2023 will see significant movement in digital ID adoption across all sectors, with the motor finance sector among those that will come to rely on digital ID the most, writes Nick Mothershaw, chief identity strategist at the Open Identity Exchange, a non-profit trade organisation that works to accelerate the adoption of digital identity services based on open standards.
The benefits of digital ID adoption to how providers of motor finance operate, manage fraud and engage with customers will be significant.
But adoption of digital ID has been slow in this sector, with ongoing uncertainty around its practical elements. There is a lot of work taking place behind the scenes to address the uncertainties. For motor finance providers to move forward on digital ID in 2023, these are the areas to be addressed.
Clarity around compliance
It’s not clear in existing regulatory guidance whether some of the techniques being introduced by digital ID are compliant. The guidance was written many, many years ago to address the use of either physical documents or electronic evidence.
Techniques such as ‘identity document to selfie face matching’ didn’t exist then. This technique mixes the use of a physical document with electronic scanning and biometric matching techniques. It’s not clear how the guidance applies to this type of technique.
The answer may lie in the government’s good practice guidance (GPG 45) for the authentication of users – an excellent move towards giving organisations the confidence that they are complying and only allowing the right people to access the right things.
However, the sheer breadth of evidence that GPG 45 allows has raised further questions about whether it aligns with established anti-money laundering (AML) requirements. For example, it allows knowledge-based verification which is unpopular with financial services firms. Perhaps the answer is an AML filter on GPG 45 to allow financial services to specify which elements from the broad menu of supported techniques are acceptable to them.
A question of measurement
A key barrier to digital ID adoption in this sector is the lack of evidence around the effectiveness of the techniques and the ID providers behind them.
The government has made positive progress with the trust framework to address these concerns, having developed a set of consistent standards around how digital ID techniques should work. Nearly two dozen ID providers have undergone the trust framework’s certification process and many more are in the line. This should give the sector some level of confidence.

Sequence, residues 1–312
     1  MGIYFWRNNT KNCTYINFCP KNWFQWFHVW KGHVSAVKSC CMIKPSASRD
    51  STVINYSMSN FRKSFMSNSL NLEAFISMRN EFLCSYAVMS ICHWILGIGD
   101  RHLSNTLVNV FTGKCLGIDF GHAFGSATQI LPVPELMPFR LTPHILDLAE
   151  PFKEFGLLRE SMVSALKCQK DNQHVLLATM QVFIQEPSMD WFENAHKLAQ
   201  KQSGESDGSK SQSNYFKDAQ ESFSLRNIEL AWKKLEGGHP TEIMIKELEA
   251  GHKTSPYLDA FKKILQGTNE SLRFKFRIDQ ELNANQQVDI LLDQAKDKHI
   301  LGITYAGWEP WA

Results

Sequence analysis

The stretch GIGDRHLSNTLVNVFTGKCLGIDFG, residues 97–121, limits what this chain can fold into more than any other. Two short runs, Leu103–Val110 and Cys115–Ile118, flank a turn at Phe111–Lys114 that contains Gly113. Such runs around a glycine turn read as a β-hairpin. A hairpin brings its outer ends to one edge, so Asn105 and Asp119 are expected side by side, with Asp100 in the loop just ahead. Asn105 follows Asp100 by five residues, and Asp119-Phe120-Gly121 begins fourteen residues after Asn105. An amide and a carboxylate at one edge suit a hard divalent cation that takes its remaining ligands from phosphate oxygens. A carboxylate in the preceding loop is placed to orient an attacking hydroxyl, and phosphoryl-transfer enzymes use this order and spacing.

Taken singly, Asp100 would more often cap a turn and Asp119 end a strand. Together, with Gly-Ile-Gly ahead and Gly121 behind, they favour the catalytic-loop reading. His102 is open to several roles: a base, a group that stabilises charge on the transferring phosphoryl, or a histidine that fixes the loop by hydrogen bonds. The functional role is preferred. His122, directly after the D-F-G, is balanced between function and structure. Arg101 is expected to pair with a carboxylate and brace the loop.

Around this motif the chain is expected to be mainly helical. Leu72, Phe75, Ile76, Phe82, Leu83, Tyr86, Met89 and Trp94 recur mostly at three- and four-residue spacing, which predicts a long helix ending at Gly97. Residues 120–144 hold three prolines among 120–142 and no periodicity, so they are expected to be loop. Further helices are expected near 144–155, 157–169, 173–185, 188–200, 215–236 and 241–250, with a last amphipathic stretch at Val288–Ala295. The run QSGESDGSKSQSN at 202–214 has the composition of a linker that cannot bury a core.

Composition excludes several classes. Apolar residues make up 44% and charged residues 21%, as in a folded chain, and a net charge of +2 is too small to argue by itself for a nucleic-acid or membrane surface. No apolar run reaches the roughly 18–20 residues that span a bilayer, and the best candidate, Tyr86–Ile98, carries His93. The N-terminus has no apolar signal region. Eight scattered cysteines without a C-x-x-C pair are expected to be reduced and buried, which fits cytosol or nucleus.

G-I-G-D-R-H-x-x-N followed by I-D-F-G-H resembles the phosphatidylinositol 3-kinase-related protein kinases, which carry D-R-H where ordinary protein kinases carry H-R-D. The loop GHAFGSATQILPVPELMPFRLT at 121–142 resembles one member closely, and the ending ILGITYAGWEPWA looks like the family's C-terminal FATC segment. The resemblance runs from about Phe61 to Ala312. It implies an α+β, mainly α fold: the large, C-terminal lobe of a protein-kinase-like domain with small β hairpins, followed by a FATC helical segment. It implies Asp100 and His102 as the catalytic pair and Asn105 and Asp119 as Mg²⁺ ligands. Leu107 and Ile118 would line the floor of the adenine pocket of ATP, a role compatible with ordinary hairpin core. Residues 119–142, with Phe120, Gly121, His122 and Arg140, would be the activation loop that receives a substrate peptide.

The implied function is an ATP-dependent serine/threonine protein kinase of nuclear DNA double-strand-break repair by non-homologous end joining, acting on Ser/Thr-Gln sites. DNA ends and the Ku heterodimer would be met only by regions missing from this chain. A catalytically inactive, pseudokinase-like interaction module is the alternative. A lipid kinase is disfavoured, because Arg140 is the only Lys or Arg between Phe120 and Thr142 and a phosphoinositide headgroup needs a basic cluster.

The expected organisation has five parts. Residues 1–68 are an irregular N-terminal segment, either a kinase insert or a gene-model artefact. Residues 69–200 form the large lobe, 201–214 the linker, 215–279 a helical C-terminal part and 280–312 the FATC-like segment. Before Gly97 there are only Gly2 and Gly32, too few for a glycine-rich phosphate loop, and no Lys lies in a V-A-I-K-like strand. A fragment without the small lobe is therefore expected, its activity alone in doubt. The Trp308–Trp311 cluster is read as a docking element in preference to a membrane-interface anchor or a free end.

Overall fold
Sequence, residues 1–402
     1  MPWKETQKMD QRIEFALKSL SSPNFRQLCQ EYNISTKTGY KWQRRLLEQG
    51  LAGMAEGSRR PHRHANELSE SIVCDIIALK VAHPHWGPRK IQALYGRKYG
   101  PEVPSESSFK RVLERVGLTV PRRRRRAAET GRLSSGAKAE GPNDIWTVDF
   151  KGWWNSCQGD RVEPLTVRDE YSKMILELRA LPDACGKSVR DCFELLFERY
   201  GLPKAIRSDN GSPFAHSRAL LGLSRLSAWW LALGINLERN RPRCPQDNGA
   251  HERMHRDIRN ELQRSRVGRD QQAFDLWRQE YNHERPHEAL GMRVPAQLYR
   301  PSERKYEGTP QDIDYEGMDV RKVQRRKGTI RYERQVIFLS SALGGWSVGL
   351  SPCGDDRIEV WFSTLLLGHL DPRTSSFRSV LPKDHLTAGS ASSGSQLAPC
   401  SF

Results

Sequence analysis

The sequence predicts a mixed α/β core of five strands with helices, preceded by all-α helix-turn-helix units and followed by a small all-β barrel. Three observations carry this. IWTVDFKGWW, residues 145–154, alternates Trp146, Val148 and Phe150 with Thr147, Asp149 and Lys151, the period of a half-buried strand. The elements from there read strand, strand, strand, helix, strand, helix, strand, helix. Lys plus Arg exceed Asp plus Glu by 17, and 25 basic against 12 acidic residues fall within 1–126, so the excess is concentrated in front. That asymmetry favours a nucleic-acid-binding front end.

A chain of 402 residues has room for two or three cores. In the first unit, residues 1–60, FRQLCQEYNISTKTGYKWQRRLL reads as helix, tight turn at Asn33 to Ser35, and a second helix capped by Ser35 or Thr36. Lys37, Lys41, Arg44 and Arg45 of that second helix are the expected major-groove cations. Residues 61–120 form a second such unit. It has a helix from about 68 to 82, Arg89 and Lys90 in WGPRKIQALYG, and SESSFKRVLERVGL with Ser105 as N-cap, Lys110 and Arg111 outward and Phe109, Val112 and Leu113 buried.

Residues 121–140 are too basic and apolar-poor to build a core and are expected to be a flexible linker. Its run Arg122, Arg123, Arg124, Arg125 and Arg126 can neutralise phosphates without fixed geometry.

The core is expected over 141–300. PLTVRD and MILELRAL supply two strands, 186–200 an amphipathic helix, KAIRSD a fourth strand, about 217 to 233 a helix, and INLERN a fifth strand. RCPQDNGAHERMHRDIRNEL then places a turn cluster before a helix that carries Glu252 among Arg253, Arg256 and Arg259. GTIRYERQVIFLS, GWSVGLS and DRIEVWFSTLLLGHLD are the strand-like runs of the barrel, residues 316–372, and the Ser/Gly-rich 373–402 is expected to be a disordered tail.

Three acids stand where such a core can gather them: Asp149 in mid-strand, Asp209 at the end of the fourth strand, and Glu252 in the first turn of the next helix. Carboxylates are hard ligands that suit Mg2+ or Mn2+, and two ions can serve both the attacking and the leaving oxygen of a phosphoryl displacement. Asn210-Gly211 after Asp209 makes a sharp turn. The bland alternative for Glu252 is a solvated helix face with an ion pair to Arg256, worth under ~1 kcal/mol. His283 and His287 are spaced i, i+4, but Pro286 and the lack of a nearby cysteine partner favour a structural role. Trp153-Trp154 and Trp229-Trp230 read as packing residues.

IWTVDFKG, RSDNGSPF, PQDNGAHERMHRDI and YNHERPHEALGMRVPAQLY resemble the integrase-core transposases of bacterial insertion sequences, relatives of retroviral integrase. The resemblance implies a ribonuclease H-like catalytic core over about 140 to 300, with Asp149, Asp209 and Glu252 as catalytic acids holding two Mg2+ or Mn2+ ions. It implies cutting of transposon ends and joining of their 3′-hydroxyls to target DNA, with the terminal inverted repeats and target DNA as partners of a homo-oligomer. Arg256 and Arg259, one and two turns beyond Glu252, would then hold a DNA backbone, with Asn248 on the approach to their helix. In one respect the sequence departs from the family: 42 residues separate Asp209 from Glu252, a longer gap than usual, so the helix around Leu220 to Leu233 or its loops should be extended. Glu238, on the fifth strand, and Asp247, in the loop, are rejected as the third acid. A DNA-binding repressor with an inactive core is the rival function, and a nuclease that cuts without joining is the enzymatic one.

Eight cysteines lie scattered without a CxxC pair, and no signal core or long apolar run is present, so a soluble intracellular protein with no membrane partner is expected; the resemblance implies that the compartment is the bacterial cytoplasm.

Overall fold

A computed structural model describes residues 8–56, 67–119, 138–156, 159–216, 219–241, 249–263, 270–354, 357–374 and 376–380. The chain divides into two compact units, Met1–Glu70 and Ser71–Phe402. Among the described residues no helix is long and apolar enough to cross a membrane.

Some financial services organisations, however, say that specific standards around measurement and product testing are needed. For example, GPG45 includes a standard-based approach for the use of document scanning and biometric matching. To be acceptable to financial services in this area, GPG45 may need to go further and specify more detailed product testing requirements and acceptable error rates.
Transparency is needed, whether it’s the government taking what they’ve already done to another level, or conformance bodies doing it in a way that is consistent and can be evidenced. For now, the sector wants to see the due diligence behind the ‘certification’ otherwise it will be too big a leap of faith for them to adopt.
For better or for worse?
Motor finance onboarding processes in place today are robust and provide a known success rate, electronically and manually. While digital ID should improve onboarding and cost efficiencies, this is yet to be proven. The good news is that there are some major pilots underway, so evidence should be revealed in the coming year.
Staying on top of fraud
Motor finance providers know what their fraud profiles are and have robust fraud controls in place. When using a digital ID, motor finance providers can and should run all the fraud controls that motor finance providers have in place today.
Whilst the UK trust framework requires ID providers to implement fraud management controls, there is some ambiguity around exactly how individual ID providers defend against fraud which is causing nervousness. In particular, motor finance providers need confidence that the digital IDs presented by digital ID providers haven’t been taken over by fraudsters since they were created. This is an attack vector only the ID provider can defend against.
It highlights a need for transparency on how the government’s trust framework fraud requirements are being implemented by each party.
A digital ID future
A key theme running through all the reasons adoption has been slow is trust and the lack of it. In order for trust to be gained in the motor finance sector, there needs to be a greater level of transparency, ideally driven by the government, the conformance bodies involved, or specific finance sector trust schemes. As well as a greater level of understanding of the significant work that has already been undertaken. Then the sector will see why some industries are moving more quickly to adopt digital ID.
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